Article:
Cropp says the biggest driver in dairy prices is world demand, and if exporting countries like New Zealand see a decline in production, demand for U.S. demand dairy rises.
Robert Cropp: “Relatively small changes have big changes in price.”
The United States exported 15.5% of all milk production last year, valued at $6.7 billion dollars.
Robert Cropp: “Record exports last year continued through January, exports were about a year ago. Butter exports are up 115%, cheese 46%.”
Pat O' Brien remembers when all that mattered was the weather in your own backyard, not on the other side of the world.
Pat O’Brien: “We didn't think about the impact of the weather on farmers in California or whether New Zealand had a good crop.”
John Umhoefer, Executive Director, Wisconsin Cheese Makers Association: “It takes a confluence of events from around the world.”
If anyone knows about the world market for dairy products...it's the cheesemakers.
John Umhoefer “This came from Austria for the contest.”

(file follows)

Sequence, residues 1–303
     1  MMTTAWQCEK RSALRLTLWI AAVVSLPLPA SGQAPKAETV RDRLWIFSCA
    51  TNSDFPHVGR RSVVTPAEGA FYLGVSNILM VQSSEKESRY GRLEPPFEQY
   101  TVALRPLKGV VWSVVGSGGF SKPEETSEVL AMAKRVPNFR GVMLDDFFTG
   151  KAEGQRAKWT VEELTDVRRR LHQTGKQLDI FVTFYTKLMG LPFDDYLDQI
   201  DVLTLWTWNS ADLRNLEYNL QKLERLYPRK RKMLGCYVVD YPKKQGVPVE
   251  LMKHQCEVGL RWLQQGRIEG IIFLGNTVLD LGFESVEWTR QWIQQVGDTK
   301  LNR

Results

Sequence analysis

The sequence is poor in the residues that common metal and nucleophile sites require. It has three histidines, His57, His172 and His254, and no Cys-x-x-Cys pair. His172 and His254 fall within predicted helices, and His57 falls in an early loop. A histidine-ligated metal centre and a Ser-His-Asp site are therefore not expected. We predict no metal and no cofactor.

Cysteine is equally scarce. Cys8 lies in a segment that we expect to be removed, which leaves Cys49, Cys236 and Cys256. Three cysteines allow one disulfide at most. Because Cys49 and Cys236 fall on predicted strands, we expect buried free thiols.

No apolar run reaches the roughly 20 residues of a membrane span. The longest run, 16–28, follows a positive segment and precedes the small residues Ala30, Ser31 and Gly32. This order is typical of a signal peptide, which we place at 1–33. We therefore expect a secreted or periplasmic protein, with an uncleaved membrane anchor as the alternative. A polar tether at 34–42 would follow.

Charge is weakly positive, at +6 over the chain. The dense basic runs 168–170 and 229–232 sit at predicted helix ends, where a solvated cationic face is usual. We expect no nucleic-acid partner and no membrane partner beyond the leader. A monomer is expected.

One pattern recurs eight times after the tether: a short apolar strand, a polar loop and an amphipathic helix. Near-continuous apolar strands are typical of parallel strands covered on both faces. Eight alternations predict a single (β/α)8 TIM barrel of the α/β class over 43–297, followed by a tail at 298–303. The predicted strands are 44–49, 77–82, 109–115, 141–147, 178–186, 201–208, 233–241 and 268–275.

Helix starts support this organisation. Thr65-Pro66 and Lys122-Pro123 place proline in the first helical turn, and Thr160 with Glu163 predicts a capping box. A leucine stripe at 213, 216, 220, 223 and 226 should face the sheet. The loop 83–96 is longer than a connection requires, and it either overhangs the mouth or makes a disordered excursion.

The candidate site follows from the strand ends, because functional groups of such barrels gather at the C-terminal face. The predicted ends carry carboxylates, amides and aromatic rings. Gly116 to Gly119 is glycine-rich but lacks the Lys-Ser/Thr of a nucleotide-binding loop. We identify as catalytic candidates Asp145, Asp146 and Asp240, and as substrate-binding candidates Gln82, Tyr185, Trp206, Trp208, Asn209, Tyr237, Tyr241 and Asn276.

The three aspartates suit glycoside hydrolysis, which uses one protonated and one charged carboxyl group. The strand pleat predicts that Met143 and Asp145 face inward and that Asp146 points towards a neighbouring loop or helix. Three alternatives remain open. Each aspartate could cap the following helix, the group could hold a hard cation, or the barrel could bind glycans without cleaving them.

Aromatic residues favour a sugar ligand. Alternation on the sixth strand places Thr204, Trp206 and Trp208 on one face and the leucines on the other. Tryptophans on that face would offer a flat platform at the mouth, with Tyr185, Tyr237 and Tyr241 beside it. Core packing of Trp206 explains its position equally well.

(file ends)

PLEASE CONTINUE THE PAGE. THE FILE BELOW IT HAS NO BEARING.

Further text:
John Umhoefer is the Executive Director of the Wisconsin Cheese Makers Association.
Cheesemakers from around the state are in this warehouse unpacking contest entries for the World Championship Cheese Contest.
John Umhoefer: “This is the ugly work before the pretty show.”
90% of all milk in Wisconsin goes into cheese production, so these men feel the effect of rising prices.
John Umhoefer: “You start to put all that together with really high demand and the milk prices and the cheese prices are soaring.”
They're paying twenty-three dollars for milk going into cheese which is you know six dollars higher than they had to pay a year ago.
John Umhoefer: “Well, when you get a high price like that, it is partially absorbed along the way, and the consumer sees a higher price.“
Brian Zimmerman, Cheesemaker: “I think the farmers and the chesemakers both are gonna see some pretty good months ahead.”
Brian Zimmerman is a cheesemaker, and says his profits are tied to the price of a 40 pound block of cheese.
Brian Zimmerman: “As the forty pound block price increases our profits increase.”
While rising prices likely won't impact the sales of high end cheese like those found at the world championships... Umhoefer says cheesemakers are worried high costs could eventually be too much for consumers.